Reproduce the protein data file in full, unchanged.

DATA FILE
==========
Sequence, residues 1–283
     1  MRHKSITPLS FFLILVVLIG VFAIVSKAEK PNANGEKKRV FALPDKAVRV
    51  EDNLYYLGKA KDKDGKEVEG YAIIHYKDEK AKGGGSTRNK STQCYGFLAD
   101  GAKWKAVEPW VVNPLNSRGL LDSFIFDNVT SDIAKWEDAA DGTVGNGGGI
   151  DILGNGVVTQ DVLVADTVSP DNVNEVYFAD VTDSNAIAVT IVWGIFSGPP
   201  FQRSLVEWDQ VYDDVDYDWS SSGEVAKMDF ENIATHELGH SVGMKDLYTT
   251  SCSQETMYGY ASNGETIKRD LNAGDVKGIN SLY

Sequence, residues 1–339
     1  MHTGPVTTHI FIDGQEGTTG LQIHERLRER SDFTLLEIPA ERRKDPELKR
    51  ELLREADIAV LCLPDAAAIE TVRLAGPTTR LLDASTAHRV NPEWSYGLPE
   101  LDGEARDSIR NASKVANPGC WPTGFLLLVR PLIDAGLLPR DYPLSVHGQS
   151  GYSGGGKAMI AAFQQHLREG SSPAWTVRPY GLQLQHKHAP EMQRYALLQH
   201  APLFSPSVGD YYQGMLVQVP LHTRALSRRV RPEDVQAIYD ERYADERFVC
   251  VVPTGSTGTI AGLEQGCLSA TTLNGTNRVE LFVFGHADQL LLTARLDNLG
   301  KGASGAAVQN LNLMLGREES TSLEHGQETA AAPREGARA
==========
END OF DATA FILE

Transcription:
Sequence, residues 1–283
     1  MRHKSITPLS FFLILVVLIG VFAIVSKAEK PNANGEKKRV FALPDKAVRV
    51  EDNLYYLGKA KDKDGKEVEG YAIIHYKDEK AKGGGSTRNK STQCYGFLAD
   101  GAKWKAVEPW VVNPLNSRGL LDSFIFDNVT SDIAKWEDAA DGTVGNGGGI
   151  DILGNGVVTQ DVLVADTVSP DNVNEVYFAD VTDSNAIAVT IVWGIFSGPP
   201  FQRSLVEWDQ VYDDVDYDWS SSGEVAKMDF ENIATHELGH SVGMKDLYTT
   251  SCSQETMYGY ASNGETIKRD LNAGDVKGIN SLY

Sequence, residues 1–339
     1  MHTGPVTTHI FIDGQEGTTG LQIHERLRER SDFTLLEIPA ERRKDPELKR
    51  ELLREADIAV LCLPDAAAIE TVRLAGPTTR LLDASTAHRV NPEWSYGLPE
   101  LDGEARDSIR NASKVANPGC WPTGFLLLVR PLIDAGLLPR DYPLSVHGQS
   151  GYSGGGKAMI AAFQQHLREG SSPAWTVRPY GLQLQHKHAP EMQRYALLQH
   201  APLFSPSVGD YYQGMLVQVP LHTRALSRRV RPEDVQAIYD ERYADERFVC
   251  VVPTGSTGTI AGLEQGCLSA TTLNGTNRVE LFVFGHADQL LLTARLDNLG
   301  KGASGAAVQN LNLMLGREES TSLEHGQETA AAPREGARA